Trying to Understand the New FTC Guidelines? We Can Help!
The United States Federal Trade Commission (FTC) has released security guidelines on purchasing cyber insurance for small businesses. However, many small business owners aren’t properly informed and may be asking: What are FTC guidelines? How do they affect small business owners? Here, we’ll break down the FTC Security Guidelines (in addition to some of our own tips) so you’re ready to educate your clients.
According to data from the National Cyber Security Alliance, more than 70% of cyber attacks target small businesses. In light of this trend, the FTC reasonable security measures focus on important points of coverage needed to address evolving cyber exposures.
What Are the New FTC Security Guidelines?
FTC Protecting Personal Information: A Guide for Businesses
The new FTC cybersecurity guidelines highlight the cyber exposures small businesses face and suggest specific policy details to look for when choosing a cyber insurance plan.
For first-party coverage, which protects the data of affected businesses and customers in the event of a cyber incident, the FTC recommends looking for policies that cover:
- Legal counsel to determine your notiﬁcation and regulatory obligations
- Data recovery and replacement
- Customer notiﬁcation services
- Crisis management
- Cyber extortion and fraud
- IT forensic services
- Regulatory fees, ﬁnes, and penalties
First-party exposures can be extremely costly to a business that falls victim to a cyber attack. However, cyber incidents often include third-party exposures, which most often refer to issues of liability when a third party brings a claim against an affected business.
Many consumers may ask: What federal regulation protects consumer privacy? This also falls under the FTC cybersecurity regulations, which recommend third-party coverage for all business owners to provide coverage for:
- Payments to affected consumers
- Expenses related to liability claims and lawsuit settlements
- Losses related to copyright, trademark infringement, and defamation
- Costs related to litigation and regulatory inquiries
- Costs related to accounting
The FTC cyber security guidelines provide a good starting place for proactive small business cybersecurity insurance coverage. However, cybersecurity and cyber insurance are volatile and dynamic in nature. We’ve built on the FTC security guidelines and included additional tips and tricks from our seasoned insurance experts so you can help your clients stay ahead of the hackers.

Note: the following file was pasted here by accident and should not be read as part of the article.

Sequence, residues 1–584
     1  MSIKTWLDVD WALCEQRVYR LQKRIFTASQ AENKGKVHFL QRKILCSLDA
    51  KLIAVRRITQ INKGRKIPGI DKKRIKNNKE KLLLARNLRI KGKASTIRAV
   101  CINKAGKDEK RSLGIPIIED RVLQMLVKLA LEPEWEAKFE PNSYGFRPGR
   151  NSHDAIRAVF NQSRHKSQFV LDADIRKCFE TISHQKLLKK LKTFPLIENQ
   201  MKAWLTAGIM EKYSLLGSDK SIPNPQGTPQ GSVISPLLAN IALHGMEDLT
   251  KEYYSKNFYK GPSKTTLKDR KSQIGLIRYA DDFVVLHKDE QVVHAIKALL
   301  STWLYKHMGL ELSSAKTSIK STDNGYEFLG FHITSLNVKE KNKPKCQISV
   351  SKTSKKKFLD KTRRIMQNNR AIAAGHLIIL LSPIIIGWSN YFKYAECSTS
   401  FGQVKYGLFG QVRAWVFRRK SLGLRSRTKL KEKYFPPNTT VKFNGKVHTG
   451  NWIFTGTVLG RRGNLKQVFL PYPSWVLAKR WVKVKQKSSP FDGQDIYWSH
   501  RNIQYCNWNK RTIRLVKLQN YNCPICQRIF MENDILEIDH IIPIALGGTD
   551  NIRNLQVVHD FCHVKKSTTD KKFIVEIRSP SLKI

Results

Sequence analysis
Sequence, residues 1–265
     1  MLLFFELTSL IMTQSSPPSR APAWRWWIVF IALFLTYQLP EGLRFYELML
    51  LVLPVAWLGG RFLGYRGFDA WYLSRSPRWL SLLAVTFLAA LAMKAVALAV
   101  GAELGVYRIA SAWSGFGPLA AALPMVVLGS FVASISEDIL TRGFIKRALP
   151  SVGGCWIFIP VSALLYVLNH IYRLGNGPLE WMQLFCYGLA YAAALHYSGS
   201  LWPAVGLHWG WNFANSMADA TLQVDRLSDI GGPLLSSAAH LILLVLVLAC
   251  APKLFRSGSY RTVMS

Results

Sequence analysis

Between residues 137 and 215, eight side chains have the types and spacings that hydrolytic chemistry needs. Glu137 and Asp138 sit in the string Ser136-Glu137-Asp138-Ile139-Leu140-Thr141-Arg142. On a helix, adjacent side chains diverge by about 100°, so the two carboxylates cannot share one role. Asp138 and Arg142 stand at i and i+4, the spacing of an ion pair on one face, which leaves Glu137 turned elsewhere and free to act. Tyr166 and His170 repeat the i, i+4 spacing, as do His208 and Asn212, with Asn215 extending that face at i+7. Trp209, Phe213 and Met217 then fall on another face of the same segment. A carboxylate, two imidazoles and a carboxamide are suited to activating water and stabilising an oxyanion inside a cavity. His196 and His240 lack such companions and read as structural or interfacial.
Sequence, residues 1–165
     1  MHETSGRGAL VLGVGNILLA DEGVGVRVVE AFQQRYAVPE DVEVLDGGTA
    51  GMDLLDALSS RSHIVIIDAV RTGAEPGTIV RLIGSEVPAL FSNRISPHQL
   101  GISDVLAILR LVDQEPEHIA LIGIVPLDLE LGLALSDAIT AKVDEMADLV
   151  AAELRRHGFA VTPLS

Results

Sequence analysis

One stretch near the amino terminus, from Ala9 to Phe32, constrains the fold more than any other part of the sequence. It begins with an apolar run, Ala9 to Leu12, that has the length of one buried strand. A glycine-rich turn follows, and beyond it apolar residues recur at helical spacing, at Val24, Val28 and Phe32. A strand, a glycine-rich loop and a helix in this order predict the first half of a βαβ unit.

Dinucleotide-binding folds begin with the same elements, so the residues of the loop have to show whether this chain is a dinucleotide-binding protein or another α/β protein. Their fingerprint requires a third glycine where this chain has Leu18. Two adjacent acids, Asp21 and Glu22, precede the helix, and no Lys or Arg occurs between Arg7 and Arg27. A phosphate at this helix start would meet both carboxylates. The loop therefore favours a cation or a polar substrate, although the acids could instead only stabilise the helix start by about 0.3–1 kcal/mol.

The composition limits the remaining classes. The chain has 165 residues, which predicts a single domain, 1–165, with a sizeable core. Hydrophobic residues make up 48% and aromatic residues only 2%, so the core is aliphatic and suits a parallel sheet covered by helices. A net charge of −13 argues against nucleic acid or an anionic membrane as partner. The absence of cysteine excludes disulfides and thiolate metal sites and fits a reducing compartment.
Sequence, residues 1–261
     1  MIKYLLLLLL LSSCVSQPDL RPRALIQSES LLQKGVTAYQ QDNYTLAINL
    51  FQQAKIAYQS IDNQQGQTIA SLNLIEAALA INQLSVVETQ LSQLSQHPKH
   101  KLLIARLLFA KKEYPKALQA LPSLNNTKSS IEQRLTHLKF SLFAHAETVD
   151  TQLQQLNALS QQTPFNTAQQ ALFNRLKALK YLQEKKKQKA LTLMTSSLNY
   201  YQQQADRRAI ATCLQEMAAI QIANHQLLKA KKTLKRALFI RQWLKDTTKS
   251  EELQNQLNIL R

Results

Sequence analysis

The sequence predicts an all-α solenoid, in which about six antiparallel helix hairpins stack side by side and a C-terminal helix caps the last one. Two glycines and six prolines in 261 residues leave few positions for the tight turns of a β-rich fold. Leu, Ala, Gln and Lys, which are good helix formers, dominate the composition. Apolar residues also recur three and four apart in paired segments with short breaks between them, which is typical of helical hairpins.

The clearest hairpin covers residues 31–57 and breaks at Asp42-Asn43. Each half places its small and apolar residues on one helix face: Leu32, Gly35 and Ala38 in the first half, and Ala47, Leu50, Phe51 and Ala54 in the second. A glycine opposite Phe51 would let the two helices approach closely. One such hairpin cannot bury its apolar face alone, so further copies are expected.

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Pro Tips From ProWriters: Choosing a Cyber Policy
At ProWriters, we bring more than two decades of experience to the cyber insurance space. Our expert services include a flexible cyber liability insurance program with access to customizable policies for companies of all types and sizes. When choosing a policy, there are a few key factors that can make all the difference.
The cyber insurance landscape is competitive with differing policy language and coverage options, and varying reputations for claims handling. As such, it’s important to consult with a cyber insurance expert to help you find a policy that is tailored to the specific needs of your clients.
Cyber incidents are often incredibly costly to businesses and many SMBs can’t afford the cost of a data breach. A Kaspersky Lab study found that targeted cyber attacks cost small businesses $188,000 on average, while similar incidents cost larger enterprises an average of $2.2 million. In addition, 60% of small and medium-sized businesses (SMBs) go out of business within six months of suffering a cyber attack.
At ProWriters, we offer limits of $1-2 million or higher for SMBs and our Cyber IQ Comparative Rate Platform has streamlined the quoting process for up to $10 million in limits.
Our experts are equipped to offer limit recommendations for accounts based on a number of factors, including:
- Electronic record count
We have the capacity to offer up to $100 million in limits for larger accounts, so whatever the needs of your client, ProWriters can deliver.
As an extension of the FTC cybersecurity guidelines, we recommend seeking some additional coverages when choosing a cyber policy. Crime and social engineering is one important example to cover the involuntary parting of funds and voluntary parting of funds.
We also recommend considering business interruption, dependent business interruption, and system failure coverage. These will cover lost revenue that results from a cyber incident and may determine whether or not a business is able to recover from an attack.
Get Started With ProWriters
With a dedicated team of cyber experts backed by 20 years of experience, ProWriters offers superior service and coverage for cyber liability insurance. For more guidance on how to best protect your clients, download our FREE whitepaper, The Six-Step Guide to Becoming Your Clients’ Cyber Expert. Learn how to better identify your clients’ needs and how to find them the best coverage.
For more information about the FTC Security Guidelines or SMB cyber recommendations, speak with a ProWriters expert today.